My camera has been loaned to someone else who does my type of research - and hopefully won't get dropped in a stream somewhere - so I'm without photos for this blog. Ken has a camera, but we've been so filthy & gross lately that you wouldn't want to see any photos anyways. Poor neighbors, subjected to our compost-and-loam covered, sweaty, buggy little one-act play called pretending to be professional landscapers. Plus, our yard just looks like a bunch of dirt. Our neighbor across the street thought we were turning the entire yard into a vegetable garden. Hee hee!
So, get ready for a mental picture. Close your eyes - or open your mind's eye so you can keep reading.
Last night, I went out the one of the new annual beds to plant a little paper flower I got at the Home Show, that has flower seeds embedded. I forgot to do it till just after twilight, but there was still enough light to see (a bonus of living up north - it takes a while to get pitch black in summer). As I walked to the annual bed, something quickly slithered away in front of my feet. A snake? Couldn't be, not this time of night - and it looked pretty small. I stopped for a moment, and looked harder at the dark soil. Suddenly, all around, I noticed them: nightcrawlers, all out of the soil, stretching their barely-glistening bodies across our new earth, possibly searching for better real estate. As I walked around, sprinkling bits of the paperized wildflower seed, I could hear them and occasionally see them all zipping back into their holes.
To cool. I had to go get Ken. This is when you know you have a great guy - when someone, contentedly relaxing on the couch for the night, is willing to throw on shoes and accompany you outside in the dark to see a surprise - and then is ecstatic that the 'surprise' is a bunch of worms. While we stood, admiring the worms and encouraging them to aerate and fertilize our new soil & plants, a bat flew by. And then again. We stood for quite a while, the little bat making many passes, in an oval shape, covering the whole side yard. A bat in Maine in June is a glorious visitor, since they eat up to 3,000 mosquitos per night. 3,000 fewer bites - now that's a contribution. Thanks bat & worms!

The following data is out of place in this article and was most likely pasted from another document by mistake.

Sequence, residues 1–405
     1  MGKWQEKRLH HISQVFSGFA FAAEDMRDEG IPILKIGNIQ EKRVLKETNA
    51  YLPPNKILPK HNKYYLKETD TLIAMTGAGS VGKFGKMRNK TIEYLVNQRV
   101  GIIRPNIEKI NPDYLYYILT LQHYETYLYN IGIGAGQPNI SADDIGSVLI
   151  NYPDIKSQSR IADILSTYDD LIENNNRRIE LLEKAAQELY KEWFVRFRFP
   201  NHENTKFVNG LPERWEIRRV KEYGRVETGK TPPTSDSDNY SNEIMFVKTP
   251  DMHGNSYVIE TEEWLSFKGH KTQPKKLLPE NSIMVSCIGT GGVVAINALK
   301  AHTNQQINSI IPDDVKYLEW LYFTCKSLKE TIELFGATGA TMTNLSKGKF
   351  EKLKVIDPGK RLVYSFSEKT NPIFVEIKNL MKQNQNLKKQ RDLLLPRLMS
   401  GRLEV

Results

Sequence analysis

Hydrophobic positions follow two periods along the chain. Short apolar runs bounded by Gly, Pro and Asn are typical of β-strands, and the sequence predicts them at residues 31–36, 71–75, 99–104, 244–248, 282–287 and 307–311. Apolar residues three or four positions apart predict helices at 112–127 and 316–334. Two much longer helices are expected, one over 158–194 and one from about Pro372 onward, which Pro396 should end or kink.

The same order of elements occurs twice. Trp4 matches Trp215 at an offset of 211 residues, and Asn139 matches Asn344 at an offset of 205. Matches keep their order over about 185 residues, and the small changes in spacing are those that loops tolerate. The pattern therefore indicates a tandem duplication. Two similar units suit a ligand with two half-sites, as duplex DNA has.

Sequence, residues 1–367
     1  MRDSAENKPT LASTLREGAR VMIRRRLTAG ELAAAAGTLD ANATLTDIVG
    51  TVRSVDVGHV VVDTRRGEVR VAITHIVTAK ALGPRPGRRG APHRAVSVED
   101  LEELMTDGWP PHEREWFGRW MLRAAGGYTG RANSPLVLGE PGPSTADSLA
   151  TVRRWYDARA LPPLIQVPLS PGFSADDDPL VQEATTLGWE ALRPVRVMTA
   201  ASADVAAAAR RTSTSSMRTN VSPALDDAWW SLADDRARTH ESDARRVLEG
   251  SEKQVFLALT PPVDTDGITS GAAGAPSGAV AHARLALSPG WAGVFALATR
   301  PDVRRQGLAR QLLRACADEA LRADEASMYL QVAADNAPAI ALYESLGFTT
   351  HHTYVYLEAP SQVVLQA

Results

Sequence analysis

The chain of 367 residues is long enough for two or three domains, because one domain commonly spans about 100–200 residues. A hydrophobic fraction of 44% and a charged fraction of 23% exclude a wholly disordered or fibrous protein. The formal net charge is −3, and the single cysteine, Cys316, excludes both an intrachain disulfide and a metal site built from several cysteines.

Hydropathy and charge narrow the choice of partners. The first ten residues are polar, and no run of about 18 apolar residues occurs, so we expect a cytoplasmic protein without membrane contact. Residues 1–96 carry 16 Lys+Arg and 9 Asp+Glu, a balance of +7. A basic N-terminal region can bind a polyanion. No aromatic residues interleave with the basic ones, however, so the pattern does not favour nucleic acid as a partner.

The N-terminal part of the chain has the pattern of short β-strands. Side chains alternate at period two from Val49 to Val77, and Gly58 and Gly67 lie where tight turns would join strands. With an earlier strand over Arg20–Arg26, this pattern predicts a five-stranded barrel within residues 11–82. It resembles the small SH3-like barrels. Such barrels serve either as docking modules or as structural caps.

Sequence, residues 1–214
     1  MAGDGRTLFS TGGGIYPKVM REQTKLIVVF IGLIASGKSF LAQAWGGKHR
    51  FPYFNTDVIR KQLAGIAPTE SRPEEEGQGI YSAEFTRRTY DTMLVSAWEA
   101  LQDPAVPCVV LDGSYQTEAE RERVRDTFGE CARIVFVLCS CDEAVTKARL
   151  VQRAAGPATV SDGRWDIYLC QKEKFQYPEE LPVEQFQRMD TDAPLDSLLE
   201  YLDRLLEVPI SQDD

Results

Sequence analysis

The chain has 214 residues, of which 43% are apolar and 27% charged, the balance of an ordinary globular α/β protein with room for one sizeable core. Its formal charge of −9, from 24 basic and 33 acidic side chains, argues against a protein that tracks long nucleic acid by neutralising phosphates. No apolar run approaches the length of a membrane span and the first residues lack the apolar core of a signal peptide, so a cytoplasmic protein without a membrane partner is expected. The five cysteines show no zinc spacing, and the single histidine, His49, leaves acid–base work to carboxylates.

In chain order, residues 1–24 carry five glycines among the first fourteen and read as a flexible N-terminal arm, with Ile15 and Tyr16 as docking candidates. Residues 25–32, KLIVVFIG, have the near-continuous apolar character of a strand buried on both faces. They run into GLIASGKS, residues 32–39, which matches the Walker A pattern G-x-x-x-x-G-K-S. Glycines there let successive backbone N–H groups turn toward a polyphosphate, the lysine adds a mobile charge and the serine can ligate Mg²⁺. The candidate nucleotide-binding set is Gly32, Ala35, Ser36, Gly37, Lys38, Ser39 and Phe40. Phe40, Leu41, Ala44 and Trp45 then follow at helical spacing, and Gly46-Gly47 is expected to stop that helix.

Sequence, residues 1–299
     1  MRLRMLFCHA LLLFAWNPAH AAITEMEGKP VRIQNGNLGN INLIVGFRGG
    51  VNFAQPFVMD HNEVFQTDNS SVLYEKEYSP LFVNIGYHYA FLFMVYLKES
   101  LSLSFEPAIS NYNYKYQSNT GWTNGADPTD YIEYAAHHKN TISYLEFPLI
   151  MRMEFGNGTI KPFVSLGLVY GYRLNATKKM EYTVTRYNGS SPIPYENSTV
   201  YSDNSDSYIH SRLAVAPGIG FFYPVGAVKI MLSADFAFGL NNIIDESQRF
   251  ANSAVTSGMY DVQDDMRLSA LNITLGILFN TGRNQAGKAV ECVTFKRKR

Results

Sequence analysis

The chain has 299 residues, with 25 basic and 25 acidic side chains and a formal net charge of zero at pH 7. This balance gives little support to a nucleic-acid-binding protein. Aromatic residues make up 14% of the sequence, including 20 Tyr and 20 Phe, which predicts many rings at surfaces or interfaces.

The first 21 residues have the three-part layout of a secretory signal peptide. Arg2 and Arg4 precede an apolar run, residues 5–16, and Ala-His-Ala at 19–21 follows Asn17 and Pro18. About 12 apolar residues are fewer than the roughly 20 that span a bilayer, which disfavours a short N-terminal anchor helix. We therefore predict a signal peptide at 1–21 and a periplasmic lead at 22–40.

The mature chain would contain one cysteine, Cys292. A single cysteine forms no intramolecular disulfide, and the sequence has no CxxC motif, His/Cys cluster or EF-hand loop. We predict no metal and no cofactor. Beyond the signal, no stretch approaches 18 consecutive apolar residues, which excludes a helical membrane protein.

We promise to get out the camera this weekend. Yesterday we planted 2 twigs (a.k.a. American Elder shrubs - yes mom, I'm going to make elderberry jelly too), and they've started to leaf out. My White Dome Hydrangeas are scheduled to arrive tomorrow, and will go right in the ground. Operation: shrubs is almost complete!
The Hall Part 3 - Building the mirror and coat rack
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